In 1931, librarian S. R. Ranganathan proposed five guiding rules for libraries. The third rule states that every book has a place, for it has value to someone.

“I truly believe that, ‘Every book its reader, and every reader its book,’” said Rachelle Golde, Hutchinson Public Library’s new youth services librarian, when asked about her favorite book for young readers. “This means that there is a special favorite book out there for everyone, and it’s a wonderful moment when the library gets the privilege of helping a young person find this book.”

That’s not to say she doesn’t have her own special favorite book.

“Many of my favorite titles will show up in library programming and story times,” she said.

Golde, who has worked at Hutchinson Public Library for 2 1/2 years, may already be a familiar face to some due to her role as teen services librarian. Following the departure of longtime children’s librarian Sherry Lund last month, the two positions were combined into youth services.

“Previously, I primarily worked with middle school and high school students doing programming and collection development,” Golde said. “I will still be doing programming and collection development, just on a larger scale since I will now be covering all ages of youth.”

Fall and winter programs that have been scheduled will remain the same for the most part, but Golde said library visitors should keep an eye out for new programs, events, books and displays in the future. Those can be tracked on the library’s Facebook page and at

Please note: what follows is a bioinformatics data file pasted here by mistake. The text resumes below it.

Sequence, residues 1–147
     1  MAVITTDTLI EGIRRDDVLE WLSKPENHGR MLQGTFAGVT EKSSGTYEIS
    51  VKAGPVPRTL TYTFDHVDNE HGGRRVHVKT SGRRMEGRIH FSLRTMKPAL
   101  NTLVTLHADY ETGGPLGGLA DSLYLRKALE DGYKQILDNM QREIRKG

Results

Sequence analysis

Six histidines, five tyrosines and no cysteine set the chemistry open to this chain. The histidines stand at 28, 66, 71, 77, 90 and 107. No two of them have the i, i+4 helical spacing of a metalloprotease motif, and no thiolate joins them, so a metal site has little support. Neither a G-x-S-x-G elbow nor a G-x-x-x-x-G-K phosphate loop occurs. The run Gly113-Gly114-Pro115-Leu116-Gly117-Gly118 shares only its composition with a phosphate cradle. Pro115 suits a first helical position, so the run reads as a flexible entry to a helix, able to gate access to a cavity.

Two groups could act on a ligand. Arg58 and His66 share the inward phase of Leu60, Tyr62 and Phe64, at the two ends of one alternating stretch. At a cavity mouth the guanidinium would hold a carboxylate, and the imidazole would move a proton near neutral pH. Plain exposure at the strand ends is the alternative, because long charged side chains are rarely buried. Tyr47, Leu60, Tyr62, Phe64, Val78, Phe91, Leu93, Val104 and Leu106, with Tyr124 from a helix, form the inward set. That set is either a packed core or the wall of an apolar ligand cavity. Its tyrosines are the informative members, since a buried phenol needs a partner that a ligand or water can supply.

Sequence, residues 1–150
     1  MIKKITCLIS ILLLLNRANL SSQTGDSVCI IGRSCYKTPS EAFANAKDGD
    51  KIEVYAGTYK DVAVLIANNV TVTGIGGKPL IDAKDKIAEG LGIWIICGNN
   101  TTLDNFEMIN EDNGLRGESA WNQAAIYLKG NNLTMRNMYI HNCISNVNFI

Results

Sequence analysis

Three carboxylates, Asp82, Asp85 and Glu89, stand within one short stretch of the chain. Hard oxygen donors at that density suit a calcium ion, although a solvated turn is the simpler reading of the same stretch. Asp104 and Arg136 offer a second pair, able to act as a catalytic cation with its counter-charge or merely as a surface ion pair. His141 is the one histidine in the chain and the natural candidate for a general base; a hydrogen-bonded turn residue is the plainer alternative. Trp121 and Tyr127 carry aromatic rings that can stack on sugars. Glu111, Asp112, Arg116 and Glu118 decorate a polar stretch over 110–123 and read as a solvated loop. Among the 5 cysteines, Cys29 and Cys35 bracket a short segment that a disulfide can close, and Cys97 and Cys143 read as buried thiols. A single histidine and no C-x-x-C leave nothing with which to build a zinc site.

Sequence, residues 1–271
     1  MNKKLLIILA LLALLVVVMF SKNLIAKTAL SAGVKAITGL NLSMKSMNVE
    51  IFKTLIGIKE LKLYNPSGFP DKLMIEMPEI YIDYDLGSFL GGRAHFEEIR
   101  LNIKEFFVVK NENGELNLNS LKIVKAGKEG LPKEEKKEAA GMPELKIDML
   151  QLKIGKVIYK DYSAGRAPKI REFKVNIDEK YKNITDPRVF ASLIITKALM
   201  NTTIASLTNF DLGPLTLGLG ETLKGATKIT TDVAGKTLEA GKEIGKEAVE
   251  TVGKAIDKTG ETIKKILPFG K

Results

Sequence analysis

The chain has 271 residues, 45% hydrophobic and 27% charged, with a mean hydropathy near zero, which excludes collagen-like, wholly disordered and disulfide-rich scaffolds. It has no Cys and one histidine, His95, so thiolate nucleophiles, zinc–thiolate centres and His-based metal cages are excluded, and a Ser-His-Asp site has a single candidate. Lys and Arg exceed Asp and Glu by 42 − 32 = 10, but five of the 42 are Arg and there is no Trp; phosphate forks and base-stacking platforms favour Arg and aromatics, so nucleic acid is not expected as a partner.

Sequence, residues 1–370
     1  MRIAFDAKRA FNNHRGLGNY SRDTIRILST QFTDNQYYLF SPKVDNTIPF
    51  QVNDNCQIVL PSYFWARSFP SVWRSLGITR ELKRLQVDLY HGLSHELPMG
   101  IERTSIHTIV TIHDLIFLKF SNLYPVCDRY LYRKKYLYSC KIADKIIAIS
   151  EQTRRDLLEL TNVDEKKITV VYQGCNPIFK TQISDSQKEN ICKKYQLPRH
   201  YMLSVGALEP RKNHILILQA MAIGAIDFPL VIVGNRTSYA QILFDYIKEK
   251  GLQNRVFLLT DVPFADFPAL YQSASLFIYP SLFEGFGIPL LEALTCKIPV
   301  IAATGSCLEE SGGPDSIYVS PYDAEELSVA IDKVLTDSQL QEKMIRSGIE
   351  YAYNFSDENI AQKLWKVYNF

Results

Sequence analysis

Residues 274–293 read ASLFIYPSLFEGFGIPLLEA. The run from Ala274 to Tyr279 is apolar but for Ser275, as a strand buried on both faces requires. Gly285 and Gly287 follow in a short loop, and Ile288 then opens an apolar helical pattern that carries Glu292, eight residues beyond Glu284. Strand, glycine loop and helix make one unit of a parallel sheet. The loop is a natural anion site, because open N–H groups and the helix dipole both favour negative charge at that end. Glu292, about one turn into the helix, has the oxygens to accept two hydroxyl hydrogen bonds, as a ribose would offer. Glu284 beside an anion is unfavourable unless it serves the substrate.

“I really enjoy doing makerspace programs with kids of all ages,” Golde said. “Makerspaces allow kids to play and experiment with various arts and crafts, as well as STEM (science, technology, engineering and math) projects. It’s a great way to incorporate hands-on learning at any age.”

She also loves reading out loud to children of all ages.

“Story time and teen book club are some of my favorite youth programs,” Golde said.

As youth services librarian, Golde will keep an eye on the full story of young readers. She said books provide valuable lessons early on, even for children too young to read or interpret illustrations.

“They are learning early literacy skills while being read to, or even just looking and experiencing the illustrations within a book,” Golde said. “Children then move from the various stages of learning how to read, followed by using reading to learn.”

One of the best parts of her role is finding books and authors youth will enjoy.

“There are popular subjects, titles and authors at every age and stage throughout childhood, including the teen years,” Golde said.

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